Information for backpacking India. Whether you need information about Indian entry visa, backpacker jobs in India, hostels, or things to do, it's all here.

Backpacking India

Looking for important travel information while backpacking in India? Here you will find information on working in India, entry visas, India hostels, and much more.

Table of Contents

Facts About India

India’s colourful and diverse culture is like nothing you can experience in the Western World. Home to approximately a sixth of the world’s population the sheer size of India means you could spend months travelling and still barely scratch the surface of what the country has to offer.

The most frequently visited part of India is undoubtedly the Delhi area and the other two major cities of the “Golden Triangle”, Jaipur and Agra. However, those not wishing to be too adventurous or those who are visiting India for the first time might find relaxing on the more European flavoured beaches of Goa.

It should be noted that due to the risk of paramilitary, terrorist and criminal activity the FCO advises against travel to the contested areas of Kashmir and Jammu. They also advise staying clear of the India-Pakistan border due to consistent skirmishes between Pakistani and Indian troops.

Other regions of the country, however, are generally safe as long as a high level of alertness is maintained against pickpocketing and other criminal activities. In general, it is best not to travel the streets alone after dark and women should be respectful of local dress customs.

  • Currency: Rupee = 100 paise
  • Time Zone: GMT +5.3
  • Language: English, Hindi, Urdu
  • Telephone Services: Country code +91, International access code 00
  • Emergency Numbers: In Deli: Police 100, Fire 101 for other locations contact your hotel

Climate in India

When deciding the best time to go to India, weather should play a large part. Most regions of India experience hot tropical weather. During winter the evenings are quite cool but the days are hot and dry. The summer months are hot, dry and dusty and many travellers find it uncomfortable to travel at this time of the year.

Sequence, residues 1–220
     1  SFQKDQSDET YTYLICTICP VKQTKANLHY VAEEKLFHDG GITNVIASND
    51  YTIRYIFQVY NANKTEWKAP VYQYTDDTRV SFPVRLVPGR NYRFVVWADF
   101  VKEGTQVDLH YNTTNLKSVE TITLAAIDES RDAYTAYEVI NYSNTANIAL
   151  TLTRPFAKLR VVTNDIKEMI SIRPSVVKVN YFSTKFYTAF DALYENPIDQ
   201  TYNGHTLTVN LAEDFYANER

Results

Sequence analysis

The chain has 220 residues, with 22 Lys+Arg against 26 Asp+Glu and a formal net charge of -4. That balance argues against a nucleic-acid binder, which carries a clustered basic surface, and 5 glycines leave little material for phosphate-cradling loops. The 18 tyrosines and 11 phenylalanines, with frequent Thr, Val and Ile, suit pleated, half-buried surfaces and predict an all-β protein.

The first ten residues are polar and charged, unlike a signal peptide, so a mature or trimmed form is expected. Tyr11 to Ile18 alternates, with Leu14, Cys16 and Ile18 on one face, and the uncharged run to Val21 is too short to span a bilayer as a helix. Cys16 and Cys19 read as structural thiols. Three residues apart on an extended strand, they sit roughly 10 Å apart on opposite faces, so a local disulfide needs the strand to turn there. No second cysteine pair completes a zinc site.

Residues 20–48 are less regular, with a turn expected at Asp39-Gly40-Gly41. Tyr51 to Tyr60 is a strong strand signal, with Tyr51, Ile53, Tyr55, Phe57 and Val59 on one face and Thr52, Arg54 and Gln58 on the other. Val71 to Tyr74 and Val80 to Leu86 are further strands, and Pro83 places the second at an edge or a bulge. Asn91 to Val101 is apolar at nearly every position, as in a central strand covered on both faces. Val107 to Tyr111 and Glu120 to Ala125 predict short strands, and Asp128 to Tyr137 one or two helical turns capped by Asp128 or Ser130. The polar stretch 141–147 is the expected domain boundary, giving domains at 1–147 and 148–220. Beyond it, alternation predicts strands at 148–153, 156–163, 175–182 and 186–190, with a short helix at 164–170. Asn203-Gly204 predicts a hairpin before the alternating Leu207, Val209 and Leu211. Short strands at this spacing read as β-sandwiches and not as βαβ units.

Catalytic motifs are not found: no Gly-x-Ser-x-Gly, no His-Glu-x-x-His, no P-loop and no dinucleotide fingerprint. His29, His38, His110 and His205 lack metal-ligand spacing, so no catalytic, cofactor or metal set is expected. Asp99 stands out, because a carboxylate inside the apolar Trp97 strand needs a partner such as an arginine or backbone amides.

Most regions are subject to monsoon rains between June and September. The Himalayas experience much colder, damper weather in the winter and higher altitude places are usually covered in snow.

Things to do in India


Delhi Gate in Delhi, India

India Gate in Delhi, India

Delhi, the country’s capital often first strikes travellers as a crowded noisy and polluted city. Travellers are hassled almost constantly by beggars, shoe shiners and other citizens desperate to earn what amounts frequently to under a pound. Although there are still plenty of redeeming features in Delhi.

There are numerous monuments including the impressive Mughal Red Fort, the looming solid stone tower of the Qutub Minar and the India Gate, built to honour the 90,000 Indian soldiers who died during the first world war.

Most travellers also spend time visiting the various mosques and temples present in Delhi, some of the most remarkable ones are the Bahai Temple, the Jama Masjid Mosque and the Birta Mandir. It is important to remember when visiting these holy places to respect local customs, particularly that of removing footwear when entering a temple.

Delhi also boasts several beautiful gardens such as the Lodi Gardens famed for its ponds and fountains and the Mughal Gardens which is situated in the Indian Presidents official residence. You will find plenty of shops, restaurants and museums throughout Delhi and the city is also ideally situated for visiting the Taj Mahal at Agra and Jaipur.

The Taj Mahal